Coping with stress

By on May 15, 2011

The disaster of March 11th shook Japan and the world to its core – nothing of this magnitude has transpired in our lifetime, and it is understandable that people in Japan are under a great deal of stress. The true cause of stress, however, is the belief that one does not have the resources to cope with a given situation. While there is an element of truth to this notion – this IS the first time this has happened and there IS a lot to cope with – no matter how dire the situation, our brains and bodies can problem-solve with ease if we can amp down the stress levels that inhibit our ability to access our innate insight. When we go ‘mental’ – that is, when we go into our heads to think – we divert energy away from our physical body, resulting in less integrated awareness and choices. Being grounded in your physical body in challenging times enables you to be present in the reality of your circumstances, thereby supporting appropriate decisions. Here are some tips to help you feel more at home in your body in times of stress so that you can make more grounded, informed choices.

 

One step to increasing physical presence is to feel your feet on the floor. Whether sitting or standing right now, grow awareness of your feet: feel the soles of your feet against the ground, and feel the ground pushing up against your feet. Now bring your attention to being inside your feet – feel your feet from the inside out. Even if you are in an earthquake and you feel the earth move under your feet, maintaining consciousness of that presence in your feet and that connection to the ground supports you in your physical movements as well as your overall body-mind awareness. 

 

When seated, feel your body against the chair in addition to growing awareness of your feet. You can still maintain presence in your head while having consciousness of your body’s contact with the outer physical world. In fact, a very balancing visualization is to imagine that you are fully present inside your entire body, as though you are wearing your skin.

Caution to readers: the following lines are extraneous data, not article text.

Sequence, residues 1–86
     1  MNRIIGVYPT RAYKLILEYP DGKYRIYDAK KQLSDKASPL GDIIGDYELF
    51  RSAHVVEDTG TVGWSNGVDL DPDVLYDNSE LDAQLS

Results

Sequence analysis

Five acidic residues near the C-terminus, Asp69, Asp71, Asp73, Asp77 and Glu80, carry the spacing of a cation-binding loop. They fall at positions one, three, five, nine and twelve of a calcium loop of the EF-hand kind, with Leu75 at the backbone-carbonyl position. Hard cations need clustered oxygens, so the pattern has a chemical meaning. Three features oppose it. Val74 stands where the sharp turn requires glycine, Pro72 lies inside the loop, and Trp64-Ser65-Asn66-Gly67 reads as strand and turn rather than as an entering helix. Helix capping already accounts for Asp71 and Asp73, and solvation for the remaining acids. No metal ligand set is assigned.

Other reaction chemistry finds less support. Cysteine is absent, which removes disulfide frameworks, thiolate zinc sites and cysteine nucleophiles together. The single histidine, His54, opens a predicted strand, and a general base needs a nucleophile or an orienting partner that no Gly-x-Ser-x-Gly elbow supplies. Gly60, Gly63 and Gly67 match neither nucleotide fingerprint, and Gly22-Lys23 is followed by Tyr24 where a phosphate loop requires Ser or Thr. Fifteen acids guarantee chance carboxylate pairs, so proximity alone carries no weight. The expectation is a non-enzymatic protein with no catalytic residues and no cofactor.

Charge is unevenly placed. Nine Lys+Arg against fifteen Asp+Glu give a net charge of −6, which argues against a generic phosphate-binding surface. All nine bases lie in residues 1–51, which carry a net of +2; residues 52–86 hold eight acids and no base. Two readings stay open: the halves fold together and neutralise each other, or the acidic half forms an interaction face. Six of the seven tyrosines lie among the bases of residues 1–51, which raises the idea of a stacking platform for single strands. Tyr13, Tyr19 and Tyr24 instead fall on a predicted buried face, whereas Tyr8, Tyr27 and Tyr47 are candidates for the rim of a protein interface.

Be mindful of having more of your awareness of this experience being on the inside of your body, as opposed to the outside. Notice the difference between simply visualizing it and allowing yourself to experience yourself inside your body. As you do so, you can grow consciousness of areas that you are not inhabiting as fully. Because you are working in the imaginal realm, you can more quickly make changes to your inner experience as you increase presence in those areas. Inhabiting your body from the inside helps to slow down the thought process’ negative impact on physiological well-being in times of stress, while giving you access to whole-system awareness. 

 

A quick-and-easy tip when you need to think clearly is to give yourself a helping hand, literally: place the palm of one hand across your forehead. You have probably seen students do this in a classroom, and may yourself have suddenly done so yourself when you needed to think quickly – a sign that the body innately recognizes this as a supportive ‘clear thinking’ position. This simple gesture stimulates blood flow to the forebrain, which is the part of the brain that processes new information. Because stress often moves awareness to parts of the brain relating to emotion and past experience, this simple action helps to shift the balance in favour of more grounded in-the-moment connection of ideas, and the emotion you are experiencing can be addressed without taking over. 

 

Whether reviewing a past event, a future situation, or a present-time stressor, this holding of the forehead can in a very short time help you to process information and generate ideas in a very different way. Hold your forehead for at least 30 seconds to facilitate a shift in breathing and heart-rate as well. If circumstances allow, place your other hand across the back of your head to stimulate the visual cortex, thereby supporting seeing new ideas more clearly. (Don’t squeeze your head too hard – it won’t get the ideas out faster.) 

 

We never know what the future will bring, and being present in our bodies is the only way that we can really cope with any situation, as challenging as the circumstances may be. These tools can help you maximize your innate inner-body awareness to support your wholeness. 

 

May you experience more presence, ease, and awareness in these times of profound change. 

 

Mark Ainley is a Contemporary Feng Shui Consultant and Emotional Stress Consultant living in Vancouver. A former 5-year resident of Tokyo, Mark consults with clients internationally to help them design living and work spaces in alignment with their goals. He also provides consulting in emotional stress management, as well as in the connection between facial structure and innate behavioural and communication patterns. He can be reached through his website www.markainley.com

About Mark Ainley

Mark Ainley is a Contemporary Feng Shui Consultant and Emotional Stress Consultant living in Vancouver. A former 5-year resident of Tokyo, Mark consults with clients internationally to help them design living and work spaces in alignment with their goals. He also provides consulting in emotional stress management, as well as in the connection between facial structure and innate behavioural and communication patterns. He can be reached through his website: www.senseofspace.com and www.markainley.com.